As I was saying for Bitcoin, a block can hold up to 1 Mega bit of transactions in it. with that in mind, some early Bitcoin traders who got disappointed by the rising cost of fees (in U.S. dollars) asked for an increase in block size to increase throughput. Thinking, if more transaction can fit in a single block, fees would be cheaper.
But that was not done. Engineers and developers realized that reduced block mining rewards need to be compensated by transaction fees. Therefore, in order to maintain the security of Bitcoin, a fee market must be developed as a financial supplement for miners.
So again, if the blocks in the blockchain have a limited size, miners get to choose which transactions are going to be prioritized and compose the next block and thus, getting validated faster. How do you think they do that?
You guessed it! They do it with Bitcoin transaction fees. This instrument is an indispensable element to the system, without it, the economic sustainability of the entire project would be questioned.
Whenever a transaction is sent, miners need an arbitrary amount of bitcoin (in satoshis, which is one hundred millionth of 1 BTC) in order for them to add that particular transaction in the next block. Bitcoin network participants will then initiate a bidding war on the block space: miners set their minimum fees, and users choose how quickly they want their transactions to be confirmed. Paying a higher fee guarantees a higher priority and thus faster verification.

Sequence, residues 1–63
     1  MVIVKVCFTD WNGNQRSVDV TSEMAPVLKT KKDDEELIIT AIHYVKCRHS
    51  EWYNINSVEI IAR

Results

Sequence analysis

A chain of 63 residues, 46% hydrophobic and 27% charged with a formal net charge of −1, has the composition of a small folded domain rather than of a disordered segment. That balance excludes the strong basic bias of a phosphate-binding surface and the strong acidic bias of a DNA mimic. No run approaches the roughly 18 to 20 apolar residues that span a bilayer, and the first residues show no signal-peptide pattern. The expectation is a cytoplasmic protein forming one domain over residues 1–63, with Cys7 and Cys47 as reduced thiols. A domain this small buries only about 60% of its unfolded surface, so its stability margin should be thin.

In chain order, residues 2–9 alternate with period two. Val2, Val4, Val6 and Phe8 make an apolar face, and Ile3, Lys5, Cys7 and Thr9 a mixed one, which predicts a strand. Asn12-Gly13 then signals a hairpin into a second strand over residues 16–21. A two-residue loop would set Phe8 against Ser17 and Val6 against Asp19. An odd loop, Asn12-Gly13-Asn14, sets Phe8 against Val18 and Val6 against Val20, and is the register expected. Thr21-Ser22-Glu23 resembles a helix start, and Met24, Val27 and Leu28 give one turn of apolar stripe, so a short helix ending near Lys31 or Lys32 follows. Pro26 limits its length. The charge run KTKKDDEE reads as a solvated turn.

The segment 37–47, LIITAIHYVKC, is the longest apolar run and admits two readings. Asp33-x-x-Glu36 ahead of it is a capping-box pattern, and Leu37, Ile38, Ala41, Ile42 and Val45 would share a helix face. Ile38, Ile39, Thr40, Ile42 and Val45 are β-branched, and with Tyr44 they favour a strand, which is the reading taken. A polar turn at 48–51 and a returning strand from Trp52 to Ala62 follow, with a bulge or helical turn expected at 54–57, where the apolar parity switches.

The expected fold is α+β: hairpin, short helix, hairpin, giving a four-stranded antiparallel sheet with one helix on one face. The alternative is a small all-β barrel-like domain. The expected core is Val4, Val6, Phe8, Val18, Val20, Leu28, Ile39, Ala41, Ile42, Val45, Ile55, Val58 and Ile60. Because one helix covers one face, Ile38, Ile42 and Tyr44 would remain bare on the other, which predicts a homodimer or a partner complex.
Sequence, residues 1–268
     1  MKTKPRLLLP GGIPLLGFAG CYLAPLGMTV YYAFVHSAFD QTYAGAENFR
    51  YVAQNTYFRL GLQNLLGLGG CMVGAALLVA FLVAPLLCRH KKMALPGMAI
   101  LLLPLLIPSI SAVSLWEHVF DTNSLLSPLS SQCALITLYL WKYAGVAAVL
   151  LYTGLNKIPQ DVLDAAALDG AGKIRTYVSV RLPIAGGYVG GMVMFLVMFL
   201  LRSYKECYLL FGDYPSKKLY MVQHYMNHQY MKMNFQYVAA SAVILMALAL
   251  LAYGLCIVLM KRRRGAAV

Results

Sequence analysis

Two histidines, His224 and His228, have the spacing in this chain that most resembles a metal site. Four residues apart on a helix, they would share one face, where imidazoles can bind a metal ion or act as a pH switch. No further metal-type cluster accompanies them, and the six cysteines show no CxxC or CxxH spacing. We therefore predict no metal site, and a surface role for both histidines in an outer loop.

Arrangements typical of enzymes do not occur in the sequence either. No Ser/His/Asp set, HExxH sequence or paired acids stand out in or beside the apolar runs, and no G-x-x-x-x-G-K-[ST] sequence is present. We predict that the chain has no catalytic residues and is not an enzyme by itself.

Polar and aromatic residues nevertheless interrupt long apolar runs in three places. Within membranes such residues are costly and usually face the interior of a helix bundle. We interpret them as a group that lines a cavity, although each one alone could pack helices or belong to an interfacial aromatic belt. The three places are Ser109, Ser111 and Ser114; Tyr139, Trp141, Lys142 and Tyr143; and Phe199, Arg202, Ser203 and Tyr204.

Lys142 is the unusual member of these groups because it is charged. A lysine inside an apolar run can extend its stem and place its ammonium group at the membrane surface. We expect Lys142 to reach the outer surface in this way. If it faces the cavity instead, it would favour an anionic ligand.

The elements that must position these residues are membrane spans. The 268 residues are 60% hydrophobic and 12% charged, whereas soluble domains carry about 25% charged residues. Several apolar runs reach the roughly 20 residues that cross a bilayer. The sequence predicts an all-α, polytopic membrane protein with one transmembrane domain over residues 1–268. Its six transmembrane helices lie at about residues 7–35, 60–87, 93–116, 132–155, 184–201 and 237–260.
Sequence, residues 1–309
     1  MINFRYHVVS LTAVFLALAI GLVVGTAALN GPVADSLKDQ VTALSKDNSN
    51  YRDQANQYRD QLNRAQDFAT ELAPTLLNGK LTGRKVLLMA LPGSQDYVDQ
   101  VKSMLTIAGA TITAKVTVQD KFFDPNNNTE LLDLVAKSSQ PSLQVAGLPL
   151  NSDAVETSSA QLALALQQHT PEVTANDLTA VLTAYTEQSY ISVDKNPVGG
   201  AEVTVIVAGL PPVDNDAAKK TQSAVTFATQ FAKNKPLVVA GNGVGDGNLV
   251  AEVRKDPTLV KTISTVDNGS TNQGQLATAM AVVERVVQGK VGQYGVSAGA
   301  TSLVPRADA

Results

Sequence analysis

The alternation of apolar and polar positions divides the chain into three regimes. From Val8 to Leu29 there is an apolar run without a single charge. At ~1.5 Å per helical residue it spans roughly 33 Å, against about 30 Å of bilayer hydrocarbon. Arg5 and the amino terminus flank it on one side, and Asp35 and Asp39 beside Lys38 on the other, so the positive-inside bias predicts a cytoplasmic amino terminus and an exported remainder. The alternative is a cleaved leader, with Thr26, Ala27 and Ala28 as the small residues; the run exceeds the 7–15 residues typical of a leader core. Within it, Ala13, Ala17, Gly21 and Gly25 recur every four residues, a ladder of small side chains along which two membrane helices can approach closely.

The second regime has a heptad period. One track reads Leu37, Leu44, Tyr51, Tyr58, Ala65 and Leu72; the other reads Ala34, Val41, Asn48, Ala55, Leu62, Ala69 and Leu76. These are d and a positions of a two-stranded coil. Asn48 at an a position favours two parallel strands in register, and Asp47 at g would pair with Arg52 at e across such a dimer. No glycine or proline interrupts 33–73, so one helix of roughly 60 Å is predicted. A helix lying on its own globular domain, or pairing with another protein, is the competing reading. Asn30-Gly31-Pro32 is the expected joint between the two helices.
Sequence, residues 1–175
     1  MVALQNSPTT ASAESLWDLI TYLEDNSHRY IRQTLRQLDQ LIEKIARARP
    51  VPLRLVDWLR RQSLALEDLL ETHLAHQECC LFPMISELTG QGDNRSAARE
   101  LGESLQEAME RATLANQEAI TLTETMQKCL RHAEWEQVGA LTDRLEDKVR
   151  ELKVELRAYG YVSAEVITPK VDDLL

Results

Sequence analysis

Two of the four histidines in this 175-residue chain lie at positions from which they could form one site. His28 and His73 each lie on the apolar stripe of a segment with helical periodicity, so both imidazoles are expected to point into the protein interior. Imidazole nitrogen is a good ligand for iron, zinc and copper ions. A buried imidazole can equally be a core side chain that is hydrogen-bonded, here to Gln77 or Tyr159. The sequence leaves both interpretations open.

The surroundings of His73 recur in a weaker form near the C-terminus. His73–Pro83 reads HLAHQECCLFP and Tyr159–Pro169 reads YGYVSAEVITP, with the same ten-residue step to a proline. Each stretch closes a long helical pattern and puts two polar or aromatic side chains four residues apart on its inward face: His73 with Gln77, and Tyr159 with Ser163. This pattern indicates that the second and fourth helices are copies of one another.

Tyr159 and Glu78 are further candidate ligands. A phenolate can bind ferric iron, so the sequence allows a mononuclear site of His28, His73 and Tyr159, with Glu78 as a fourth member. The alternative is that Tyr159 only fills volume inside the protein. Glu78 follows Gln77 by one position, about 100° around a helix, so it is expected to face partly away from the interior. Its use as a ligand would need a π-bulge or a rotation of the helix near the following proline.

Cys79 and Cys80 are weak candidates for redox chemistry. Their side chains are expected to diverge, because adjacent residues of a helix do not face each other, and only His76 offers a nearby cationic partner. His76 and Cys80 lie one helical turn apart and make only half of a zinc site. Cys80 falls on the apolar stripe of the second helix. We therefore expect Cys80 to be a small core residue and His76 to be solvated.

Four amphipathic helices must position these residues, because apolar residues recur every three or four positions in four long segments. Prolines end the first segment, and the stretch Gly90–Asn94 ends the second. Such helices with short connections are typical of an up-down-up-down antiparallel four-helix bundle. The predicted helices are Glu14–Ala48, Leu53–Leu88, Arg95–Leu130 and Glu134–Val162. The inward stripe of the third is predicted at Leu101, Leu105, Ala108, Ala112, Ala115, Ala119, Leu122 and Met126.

The fees serve as a subsidy to operating costs and an additional factor to ensure profitability. In the long run, fees also ensure the security of the Bitcoin network and the elimination of spam transactions.
The entire Bitcoin fees thing is a beautiful snapshot of the free market in a decentralized system. The cost of including the transaction in the next block changes according to the dynamics of supply and demand: sometimes you can get away with just a few Satoshis or other times you will have to pay a bit more.
In short, Bitcoin fees have changed from preventing transaction spam to an essential element of mining profitability. As mining rewards are halved every four years, fees will become more important in the economic game theory of the network.
Fantastic! Now you understand why we have these two different mechanisms in Bitcoin, the transaction fee, and the mining reward. You also know how they came to be and what’s their importance for the Blockchain.
If you want to get into more details on the topics presented on this video, please check the list of related videos we left in the description. And feel free to comment on anything you wish to see here in the Crypto Odyssey.